Wendell A. Wilson, MD; Azzudin E. Gharavi, MD
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Wilson W., Gharavi A.; Hypercoagulable States. Ann Intern Med. 1997;127:1128. doi: 10.7326/0003-4819-127-12-199712150-00015
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Published: Ann Intern Med. 1997;127(12):1128.
TO THE EDITOR:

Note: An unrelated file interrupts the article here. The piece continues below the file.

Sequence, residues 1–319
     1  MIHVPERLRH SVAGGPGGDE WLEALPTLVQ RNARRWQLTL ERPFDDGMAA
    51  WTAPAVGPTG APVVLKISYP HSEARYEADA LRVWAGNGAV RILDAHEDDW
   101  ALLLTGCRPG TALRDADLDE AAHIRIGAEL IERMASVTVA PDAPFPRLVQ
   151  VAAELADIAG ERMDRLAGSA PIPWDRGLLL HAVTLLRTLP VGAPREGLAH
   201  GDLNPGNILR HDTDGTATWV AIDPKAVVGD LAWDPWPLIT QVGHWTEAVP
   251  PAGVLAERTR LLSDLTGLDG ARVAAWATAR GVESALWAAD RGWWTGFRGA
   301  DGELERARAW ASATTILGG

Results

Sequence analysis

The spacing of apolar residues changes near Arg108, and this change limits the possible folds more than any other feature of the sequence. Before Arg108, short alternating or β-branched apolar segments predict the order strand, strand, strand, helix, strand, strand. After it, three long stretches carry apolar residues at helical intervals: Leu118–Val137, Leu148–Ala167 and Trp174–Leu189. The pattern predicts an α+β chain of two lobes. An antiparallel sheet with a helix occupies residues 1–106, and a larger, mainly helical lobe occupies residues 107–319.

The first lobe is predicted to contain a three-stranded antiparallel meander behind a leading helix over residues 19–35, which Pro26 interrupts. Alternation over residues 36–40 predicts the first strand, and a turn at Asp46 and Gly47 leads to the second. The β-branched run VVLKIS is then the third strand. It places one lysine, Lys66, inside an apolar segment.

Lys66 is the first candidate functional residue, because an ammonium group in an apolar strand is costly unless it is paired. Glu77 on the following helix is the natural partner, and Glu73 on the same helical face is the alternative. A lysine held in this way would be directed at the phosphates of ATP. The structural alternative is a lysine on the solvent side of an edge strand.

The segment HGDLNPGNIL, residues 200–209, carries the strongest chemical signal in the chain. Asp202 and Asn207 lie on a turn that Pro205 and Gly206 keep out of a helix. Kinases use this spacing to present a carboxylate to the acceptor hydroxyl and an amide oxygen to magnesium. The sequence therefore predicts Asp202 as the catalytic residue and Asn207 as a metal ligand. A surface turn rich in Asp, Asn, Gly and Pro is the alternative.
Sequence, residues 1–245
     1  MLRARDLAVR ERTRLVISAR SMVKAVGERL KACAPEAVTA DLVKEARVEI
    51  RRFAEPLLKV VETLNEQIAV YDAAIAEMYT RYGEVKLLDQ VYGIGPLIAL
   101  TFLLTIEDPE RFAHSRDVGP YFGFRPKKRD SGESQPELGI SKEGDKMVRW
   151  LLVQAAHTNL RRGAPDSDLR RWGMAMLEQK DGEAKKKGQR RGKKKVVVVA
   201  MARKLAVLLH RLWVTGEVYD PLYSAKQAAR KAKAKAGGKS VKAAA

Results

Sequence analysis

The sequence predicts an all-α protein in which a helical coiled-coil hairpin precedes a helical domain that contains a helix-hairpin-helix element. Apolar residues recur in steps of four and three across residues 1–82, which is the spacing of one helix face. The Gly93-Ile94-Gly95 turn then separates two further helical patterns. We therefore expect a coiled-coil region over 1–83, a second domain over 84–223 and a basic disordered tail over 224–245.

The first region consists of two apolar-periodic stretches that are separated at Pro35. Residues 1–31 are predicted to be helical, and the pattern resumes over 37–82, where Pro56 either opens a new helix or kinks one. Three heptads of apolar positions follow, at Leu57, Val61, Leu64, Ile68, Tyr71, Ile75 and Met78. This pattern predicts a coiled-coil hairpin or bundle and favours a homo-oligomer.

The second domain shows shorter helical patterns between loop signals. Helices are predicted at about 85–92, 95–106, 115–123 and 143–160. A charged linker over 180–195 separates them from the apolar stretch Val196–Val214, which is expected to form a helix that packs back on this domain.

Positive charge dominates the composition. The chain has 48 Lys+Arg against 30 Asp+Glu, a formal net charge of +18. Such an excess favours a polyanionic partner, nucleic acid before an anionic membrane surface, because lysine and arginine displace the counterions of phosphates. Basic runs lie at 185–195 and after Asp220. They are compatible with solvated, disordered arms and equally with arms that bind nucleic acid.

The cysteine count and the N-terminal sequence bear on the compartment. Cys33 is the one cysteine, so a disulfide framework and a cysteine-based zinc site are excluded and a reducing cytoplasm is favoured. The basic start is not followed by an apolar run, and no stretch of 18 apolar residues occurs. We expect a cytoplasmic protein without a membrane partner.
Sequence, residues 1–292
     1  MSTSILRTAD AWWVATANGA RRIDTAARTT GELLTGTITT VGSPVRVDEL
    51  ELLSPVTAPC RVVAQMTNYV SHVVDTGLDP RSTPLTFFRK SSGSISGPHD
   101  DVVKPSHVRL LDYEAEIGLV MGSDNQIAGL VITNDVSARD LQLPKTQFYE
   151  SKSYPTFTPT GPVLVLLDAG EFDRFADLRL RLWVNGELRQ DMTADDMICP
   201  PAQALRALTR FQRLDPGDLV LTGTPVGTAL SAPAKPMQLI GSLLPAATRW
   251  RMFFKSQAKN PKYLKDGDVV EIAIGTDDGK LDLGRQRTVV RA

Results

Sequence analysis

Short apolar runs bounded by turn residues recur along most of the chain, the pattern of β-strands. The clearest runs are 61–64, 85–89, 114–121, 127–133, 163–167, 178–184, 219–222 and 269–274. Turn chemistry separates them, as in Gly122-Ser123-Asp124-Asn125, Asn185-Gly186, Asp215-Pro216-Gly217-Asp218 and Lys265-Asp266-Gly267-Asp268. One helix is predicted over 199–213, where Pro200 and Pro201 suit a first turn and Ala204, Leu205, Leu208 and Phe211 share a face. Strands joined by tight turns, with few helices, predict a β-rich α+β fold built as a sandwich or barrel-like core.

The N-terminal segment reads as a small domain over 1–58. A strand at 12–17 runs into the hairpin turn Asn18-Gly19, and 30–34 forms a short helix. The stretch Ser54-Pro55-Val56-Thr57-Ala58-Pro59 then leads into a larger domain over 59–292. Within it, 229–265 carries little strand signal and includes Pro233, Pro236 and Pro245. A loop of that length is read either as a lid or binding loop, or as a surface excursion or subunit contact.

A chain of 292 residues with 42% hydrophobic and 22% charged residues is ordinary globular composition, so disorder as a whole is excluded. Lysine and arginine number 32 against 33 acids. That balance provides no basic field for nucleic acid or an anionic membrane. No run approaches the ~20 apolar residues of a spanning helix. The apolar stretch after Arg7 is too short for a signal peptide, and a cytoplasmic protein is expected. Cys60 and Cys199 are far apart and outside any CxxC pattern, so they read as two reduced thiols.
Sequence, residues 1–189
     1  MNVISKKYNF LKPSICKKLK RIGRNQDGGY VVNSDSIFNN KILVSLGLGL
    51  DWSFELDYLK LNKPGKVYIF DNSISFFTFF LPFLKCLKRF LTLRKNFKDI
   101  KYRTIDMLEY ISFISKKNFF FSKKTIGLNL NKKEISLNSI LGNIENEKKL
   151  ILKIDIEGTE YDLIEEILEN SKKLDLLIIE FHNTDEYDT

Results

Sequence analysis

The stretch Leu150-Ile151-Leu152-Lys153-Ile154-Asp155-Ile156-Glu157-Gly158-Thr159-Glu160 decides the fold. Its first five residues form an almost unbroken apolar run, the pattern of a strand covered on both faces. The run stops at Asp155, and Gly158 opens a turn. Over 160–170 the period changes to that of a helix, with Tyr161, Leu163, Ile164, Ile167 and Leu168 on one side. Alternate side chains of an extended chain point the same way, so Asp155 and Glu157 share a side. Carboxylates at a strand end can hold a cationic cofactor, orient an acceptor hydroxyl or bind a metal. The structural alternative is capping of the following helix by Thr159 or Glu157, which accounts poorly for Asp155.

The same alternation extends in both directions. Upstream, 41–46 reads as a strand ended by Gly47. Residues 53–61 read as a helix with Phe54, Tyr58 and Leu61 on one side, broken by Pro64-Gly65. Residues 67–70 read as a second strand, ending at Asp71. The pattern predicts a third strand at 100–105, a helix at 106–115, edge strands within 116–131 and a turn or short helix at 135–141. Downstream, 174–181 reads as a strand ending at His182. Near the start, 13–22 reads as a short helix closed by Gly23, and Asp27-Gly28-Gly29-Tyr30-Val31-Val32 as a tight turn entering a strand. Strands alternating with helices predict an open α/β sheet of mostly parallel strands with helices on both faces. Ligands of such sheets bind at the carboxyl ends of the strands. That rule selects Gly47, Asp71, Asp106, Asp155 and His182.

We read with interest the review by Thomas and Roberts , which mainly discussed genetic defects in coagulation that cause hypercoagulability and thrombosis. We question the authors' summary statement: “No evidence indicates that the measurement of endogenous anticoagulant pathways has a useful role to play in assessing patients at risk for arterial thrombosis.” This generalization is probably relevant to arteriosclerotic thrombosis, but it does not apply to arterial thrombosis in patients suspected of having the antiphospholipid syndrome. As correctly stated by the authors themselves earlier in their review, “… persons with hypercoagulable states include patients with the antiphospholipid syndrome who can develop both arterial and venous thrombosis.”
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